Thursday, November 04, 2010

Soledad O'Brien's "The Next Big Story"

Soledad O'Brien's memoir - "The Next Big Story" - went on sale Tuesday. has published an excerpt from book.

The story begins in 2006, just after she has obtained exclusive access to Martin Luther King Jr.'s papers and has reported on them for CNN's America Morning.

On this American Morning, I have an exclusive look at a man at least half the world admires. I feel like what he is saying speaks to me. I am energized, a new member of the quarter million people who joined him on the mall, and a new recipient of the grace he handed out in Selma.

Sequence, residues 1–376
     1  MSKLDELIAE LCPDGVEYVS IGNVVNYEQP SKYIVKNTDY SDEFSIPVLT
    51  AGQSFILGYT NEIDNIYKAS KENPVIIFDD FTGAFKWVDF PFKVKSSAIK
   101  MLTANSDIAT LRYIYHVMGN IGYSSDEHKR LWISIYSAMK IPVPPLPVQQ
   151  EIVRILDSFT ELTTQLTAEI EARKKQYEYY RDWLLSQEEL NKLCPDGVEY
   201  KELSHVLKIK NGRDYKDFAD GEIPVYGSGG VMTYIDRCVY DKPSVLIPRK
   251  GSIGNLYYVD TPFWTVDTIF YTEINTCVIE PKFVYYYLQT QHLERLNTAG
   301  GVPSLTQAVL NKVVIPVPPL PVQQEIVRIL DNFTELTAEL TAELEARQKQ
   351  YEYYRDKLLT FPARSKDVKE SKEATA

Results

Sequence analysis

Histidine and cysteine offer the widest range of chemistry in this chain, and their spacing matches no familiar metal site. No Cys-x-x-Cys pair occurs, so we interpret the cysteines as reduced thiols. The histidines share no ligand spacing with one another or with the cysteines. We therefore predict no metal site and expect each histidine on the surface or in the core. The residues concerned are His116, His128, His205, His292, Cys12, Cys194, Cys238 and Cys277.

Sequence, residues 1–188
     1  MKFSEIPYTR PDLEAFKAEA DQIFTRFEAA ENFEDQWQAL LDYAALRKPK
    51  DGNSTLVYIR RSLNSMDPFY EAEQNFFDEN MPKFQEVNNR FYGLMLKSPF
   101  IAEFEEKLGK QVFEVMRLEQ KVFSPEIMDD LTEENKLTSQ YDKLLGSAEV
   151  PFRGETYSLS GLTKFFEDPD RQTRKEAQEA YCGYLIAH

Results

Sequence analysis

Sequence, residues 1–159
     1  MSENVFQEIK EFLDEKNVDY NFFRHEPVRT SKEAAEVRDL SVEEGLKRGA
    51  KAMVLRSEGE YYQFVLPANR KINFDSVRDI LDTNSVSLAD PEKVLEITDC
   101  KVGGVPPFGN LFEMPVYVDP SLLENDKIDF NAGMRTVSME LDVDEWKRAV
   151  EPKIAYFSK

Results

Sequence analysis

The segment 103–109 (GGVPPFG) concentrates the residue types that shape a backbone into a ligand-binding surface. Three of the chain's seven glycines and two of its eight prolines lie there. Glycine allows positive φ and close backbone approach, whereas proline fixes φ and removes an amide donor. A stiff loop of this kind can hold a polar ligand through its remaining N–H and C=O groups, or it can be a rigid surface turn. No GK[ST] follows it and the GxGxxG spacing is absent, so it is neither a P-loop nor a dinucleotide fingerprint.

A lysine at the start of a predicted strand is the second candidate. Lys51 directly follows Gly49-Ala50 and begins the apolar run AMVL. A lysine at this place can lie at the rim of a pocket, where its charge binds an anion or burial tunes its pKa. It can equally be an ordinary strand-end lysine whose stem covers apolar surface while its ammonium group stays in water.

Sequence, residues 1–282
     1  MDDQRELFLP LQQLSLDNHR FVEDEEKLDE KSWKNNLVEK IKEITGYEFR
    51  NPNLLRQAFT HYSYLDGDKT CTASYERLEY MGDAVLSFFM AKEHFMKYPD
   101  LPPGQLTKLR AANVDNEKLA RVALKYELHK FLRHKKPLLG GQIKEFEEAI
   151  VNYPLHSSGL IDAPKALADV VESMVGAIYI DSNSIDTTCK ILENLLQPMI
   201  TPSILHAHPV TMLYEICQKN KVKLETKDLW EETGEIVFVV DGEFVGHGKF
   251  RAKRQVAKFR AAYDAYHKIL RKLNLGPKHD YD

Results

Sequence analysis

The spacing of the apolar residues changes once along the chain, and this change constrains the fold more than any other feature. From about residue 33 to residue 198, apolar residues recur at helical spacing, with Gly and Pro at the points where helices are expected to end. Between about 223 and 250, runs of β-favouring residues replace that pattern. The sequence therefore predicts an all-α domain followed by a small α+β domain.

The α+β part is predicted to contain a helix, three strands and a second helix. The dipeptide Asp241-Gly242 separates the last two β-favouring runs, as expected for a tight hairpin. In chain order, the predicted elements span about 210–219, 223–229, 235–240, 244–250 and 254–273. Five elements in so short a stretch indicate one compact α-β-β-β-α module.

Then, out of nowhere, The Reverend Jesse Jackson calls with an invitation to meet and talk and it brings my reverie to a halt. We greet warmly and sit. A young, clean-cut security guy hovers near by. He stays close enough to be summoned for a quick question but not close enough to overhear. I notice the china is clinking, like real good china. I have four small kids so I never hear that particular sound. The restaurant is on the first floor of a famous hotel and the place is nice. The Reverend Jackson begins talking in his strong Southern accent. His voice is very low. He says "call me Jesse but that's something I feel like I cannot do." I am confident he doesn't remember the first time we met. It was my job in 1989 to escort him through his live shots at WBZ TV around Boston Nelson Mandela's historic visit to the U.S. I was his "babysitter," the one making sure no other media plucked him away. He was our contributor. He whispers something. He is speaking so low I can barely hear him. I strain to get closer.